Warren Wilson in May joined the ranks of high-profile Windgate recipients when it was awarded a $2.1 million grant to better realize and enhance craft’s impact on its small liberal arts campus. While WWC's art department currently offers painting, printmaking, photography, ceramics and sculpture, there hasn’t been a clear focus on traditional Appalachian craft studies. That is, not since the first half of the last century.
“For a time, Warren Wilson craft flourished,” graduate Morgan Davis said in a 2011 article in the alumni magazine Owl & Spade, adding, “Textiles and wooden goods [were] sold under the label ‘Warren Wilson Crafts.’ Students preserved Appalachian weaving methods with woven table linens, towels and rugs,” she said, “and they ‘learned to do by doing’ as they created wooden boxes, turned bowls and other pieces.”
In the early 1900s, the college boasted 18 looms, a pottery program and a wood shop that turned out furniture, boxes and other much-needed farming implements. But the programs dwindled in the postwar climate. As more students began turning to the growing public education system for college degrees, fewer were seeking the crafts-based vocational programs offered by Warren Wilson, where an on-campus job has long been part of the curriculum.
By the late 1960s the looms were inactive and on the way out. Work dwindled to only a few hours a week, done only by the dedicated. Fragments of the craft education programs lingered in the work crews. But for decades, practicality prevailed over artistry.
Then, in 2009, student interest in craft surged, said Paula Garrett, WWC's vice president of academic affairs and dean of the college. That interest resulted in new and revamped work crews. Students, with help from faculty and community members, secured the space for a donated loom. Several alumni returned to teach and supervise a new fiber arts crew.
Ten years earlier, a wood shop had been reinstalled. It was initially (and still is) used for furniture building and maintenance. But in 2009, students interested in crafting musical instruments started using it. And students from the blacksmithing, carpentry and fiber-arts work crews began using the shops after hours for their artistic pursuits.
“We’re reviving what was clearly a deep value in the life of the college,” Garrett said. And Windgate’s support will allow them to enhance existing craft-oriented programs and strengthen craft’s impact on the art department.
The school will be expanding what’s already in place during the grant’s three-year term, rather than building new facilities, Garrett said.
"The initial focus is giving additional resources to grow our art department,” she said. The art department and the blacksmithing, carpentry and fiber workshops will get upgrades and additional equipment.
And, work crews will expand. “The main function for these work crews is to produce craft materials for the college,” said Ian Robertson, WWC’s dean of work. “They bring an individual, artistic component to the campus ... [The expansion] also offers the opportunity to blend together elements of the fine art department with the work crews.”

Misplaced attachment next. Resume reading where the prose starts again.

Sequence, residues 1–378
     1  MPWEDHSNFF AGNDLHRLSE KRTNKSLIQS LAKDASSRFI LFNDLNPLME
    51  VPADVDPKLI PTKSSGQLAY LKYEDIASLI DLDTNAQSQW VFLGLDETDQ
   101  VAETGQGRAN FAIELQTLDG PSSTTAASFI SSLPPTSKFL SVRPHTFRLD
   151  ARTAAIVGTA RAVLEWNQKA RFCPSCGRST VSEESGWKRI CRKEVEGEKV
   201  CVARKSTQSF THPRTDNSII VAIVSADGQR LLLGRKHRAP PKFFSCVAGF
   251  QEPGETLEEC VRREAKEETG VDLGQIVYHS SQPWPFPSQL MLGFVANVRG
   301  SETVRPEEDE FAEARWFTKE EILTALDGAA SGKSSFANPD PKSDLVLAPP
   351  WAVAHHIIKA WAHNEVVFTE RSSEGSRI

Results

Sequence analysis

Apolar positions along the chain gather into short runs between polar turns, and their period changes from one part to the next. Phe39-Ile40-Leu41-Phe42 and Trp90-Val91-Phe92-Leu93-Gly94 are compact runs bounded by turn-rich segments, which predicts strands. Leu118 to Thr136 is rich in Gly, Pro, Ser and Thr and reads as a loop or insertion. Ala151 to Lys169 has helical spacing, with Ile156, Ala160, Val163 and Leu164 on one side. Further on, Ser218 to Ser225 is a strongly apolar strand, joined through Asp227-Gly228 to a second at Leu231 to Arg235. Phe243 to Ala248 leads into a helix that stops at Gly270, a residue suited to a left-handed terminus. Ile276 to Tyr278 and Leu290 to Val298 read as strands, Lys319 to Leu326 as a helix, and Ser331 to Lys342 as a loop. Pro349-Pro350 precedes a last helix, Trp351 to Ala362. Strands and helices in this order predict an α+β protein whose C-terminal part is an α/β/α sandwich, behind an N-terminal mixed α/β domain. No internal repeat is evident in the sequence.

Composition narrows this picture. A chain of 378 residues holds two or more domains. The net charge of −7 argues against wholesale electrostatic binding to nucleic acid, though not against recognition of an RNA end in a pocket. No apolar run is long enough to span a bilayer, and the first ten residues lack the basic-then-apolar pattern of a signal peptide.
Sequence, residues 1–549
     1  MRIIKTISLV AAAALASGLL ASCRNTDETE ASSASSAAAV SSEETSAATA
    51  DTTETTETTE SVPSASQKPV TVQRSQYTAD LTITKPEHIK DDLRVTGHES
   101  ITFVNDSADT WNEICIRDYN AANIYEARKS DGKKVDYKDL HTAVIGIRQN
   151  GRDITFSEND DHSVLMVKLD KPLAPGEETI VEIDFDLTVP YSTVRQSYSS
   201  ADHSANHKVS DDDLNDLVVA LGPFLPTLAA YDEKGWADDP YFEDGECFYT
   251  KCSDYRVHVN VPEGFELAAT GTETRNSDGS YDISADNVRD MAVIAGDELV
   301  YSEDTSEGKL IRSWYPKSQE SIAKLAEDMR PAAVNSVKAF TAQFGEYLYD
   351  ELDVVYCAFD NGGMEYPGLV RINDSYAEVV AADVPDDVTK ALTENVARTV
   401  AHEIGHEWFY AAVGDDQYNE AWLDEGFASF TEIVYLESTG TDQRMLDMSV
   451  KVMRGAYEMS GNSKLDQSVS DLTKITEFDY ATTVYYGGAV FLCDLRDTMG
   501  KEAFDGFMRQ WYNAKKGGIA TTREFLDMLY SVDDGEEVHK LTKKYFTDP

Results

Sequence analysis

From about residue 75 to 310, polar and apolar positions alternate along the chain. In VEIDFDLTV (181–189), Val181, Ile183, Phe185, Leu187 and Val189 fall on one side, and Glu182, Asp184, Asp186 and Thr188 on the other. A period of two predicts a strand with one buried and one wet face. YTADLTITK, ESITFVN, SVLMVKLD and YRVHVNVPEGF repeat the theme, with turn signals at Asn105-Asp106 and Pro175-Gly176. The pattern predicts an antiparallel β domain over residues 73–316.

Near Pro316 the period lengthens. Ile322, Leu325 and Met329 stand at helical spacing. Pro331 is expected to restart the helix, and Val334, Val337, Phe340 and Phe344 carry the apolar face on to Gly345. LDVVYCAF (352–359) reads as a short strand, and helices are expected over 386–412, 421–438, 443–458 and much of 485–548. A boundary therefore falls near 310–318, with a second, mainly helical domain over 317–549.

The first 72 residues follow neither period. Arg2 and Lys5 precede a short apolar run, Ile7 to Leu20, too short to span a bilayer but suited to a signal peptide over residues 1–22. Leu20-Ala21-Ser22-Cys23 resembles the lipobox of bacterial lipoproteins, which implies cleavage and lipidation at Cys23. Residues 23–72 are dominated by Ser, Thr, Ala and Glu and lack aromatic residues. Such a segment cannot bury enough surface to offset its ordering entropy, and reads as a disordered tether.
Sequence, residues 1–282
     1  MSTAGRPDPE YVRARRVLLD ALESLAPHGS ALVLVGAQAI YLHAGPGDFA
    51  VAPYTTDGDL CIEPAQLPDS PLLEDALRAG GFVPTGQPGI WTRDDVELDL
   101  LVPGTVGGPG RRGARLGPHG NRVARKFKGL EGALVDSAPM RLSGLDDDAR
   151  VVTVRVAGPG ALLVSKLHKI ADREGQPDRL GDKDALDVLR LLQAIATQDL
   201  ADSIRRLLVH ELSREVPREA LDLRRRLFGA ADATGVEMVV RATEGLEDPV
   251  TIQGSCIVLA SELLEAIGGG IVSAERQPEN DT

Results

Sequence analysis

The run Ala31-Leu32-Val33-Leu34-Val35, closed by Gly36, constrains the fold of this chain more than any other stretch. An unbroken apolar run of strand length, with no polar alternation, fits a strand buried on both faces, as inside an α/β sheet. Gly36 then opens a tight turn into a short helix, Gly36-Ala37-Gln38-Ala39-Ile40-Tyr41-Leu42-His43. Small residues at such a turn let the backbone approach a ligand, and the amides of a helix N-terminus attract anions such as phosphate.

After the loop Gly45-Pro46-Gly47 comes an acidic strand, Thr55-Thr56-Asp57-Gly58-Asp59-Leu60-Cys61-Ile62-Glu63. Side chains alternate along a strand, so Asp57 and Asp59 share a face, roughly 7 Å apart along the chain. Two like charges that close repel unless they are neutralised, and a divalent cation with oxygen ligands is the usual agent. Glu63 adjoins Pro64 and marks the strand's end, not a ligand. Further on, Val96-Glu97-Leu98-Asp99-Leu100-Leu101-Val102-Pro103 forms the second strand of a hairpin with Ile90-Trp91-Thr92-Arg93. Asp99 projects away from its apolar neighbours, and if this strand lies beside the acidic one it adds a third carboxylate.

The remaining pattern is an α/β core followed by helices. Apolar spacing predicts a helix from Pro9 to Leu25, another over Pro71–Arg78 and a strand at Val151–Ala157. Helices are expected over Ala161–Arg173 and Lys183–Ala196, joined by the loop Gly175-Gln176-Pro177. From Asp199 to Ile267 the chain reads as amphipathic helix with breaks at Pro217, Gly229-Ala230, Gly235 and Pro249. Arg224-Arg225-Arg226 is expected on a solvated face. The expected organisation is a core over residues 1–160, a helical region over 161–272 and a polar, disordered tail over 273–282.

Windgate’s gift will extend across departments. “It will mean greater opportunity to bring in more classes,” said Eric Baden, chair of WWC’s art department. The grant will also support undergraduate research and the addition of foundation courses. “We can increase and enhance the study of craft in the art department.” He also spoke of the potential for an art history class that would explore the nature and cultural context of craft in our region.
The school will hire a sculpture professor, add personnel support and offer artist residencies and internships for recent graduates and area crafts artists, along with holding on-campus and multi-institutional exhibitions. (One exhibition already in the works will bring the famous Gee's Bend quilts to Asheville in the coming year.)
Along with the positions created for the residencies and internships, the school will add two full-time staff positions. One will manage the on-campus gallery. The other will coordinate programming and collaborative efforts with the Center for Craft, Creativity and Design (CCCD), an area crafts-research and support organization that has close ties to Windgate.
CCCD is among the WNC organizations regularly supported by Windgate. While it operates as part of the UNC school system, its annual state-funded budget is matched by Windgate.
CCCD will advise Warren Wilson during the next three years, according to executive director Stephanie Moore. Moore told Xpress that the two institutions were working together to build a course of study that will be on par with local and national programs.
“[WWC] expressed interest in teaching courses at our space, maybe offering some of their workshops,” said Moore. They’ll also oversee the implementation of internships.
“We will be responsive to their needs as they come up,” Moore said.
"Our vision is to be the connective tissue between institutions and crafts research," said CCCD board president Michael Sherrill. While this grant directly and primarily assists Warren Wilson, the college and the CCCD want to use it to the craft community’s benefit. That means including regionally accessible programming, such as the internships and residencies.
“Asheville is the nexus for the crafts culture in America,” said Sherrill. By CCCD’s charge, Western North Carolina is the nation’s craft capital. And with community-oriented development, these institutions can continue to uphold and elevate that status.
who is windgate?
The Windgate Charitable Foundation doesn't have a website. But it does have a P.O. Box. It’s in Siloam Springs, a small town in the far corner of northwest Arkansas. The town is home to just over 15,000 people and to John Brown University, a small, interdenominational Christian liberal arts college (no relation to the abolitionist.)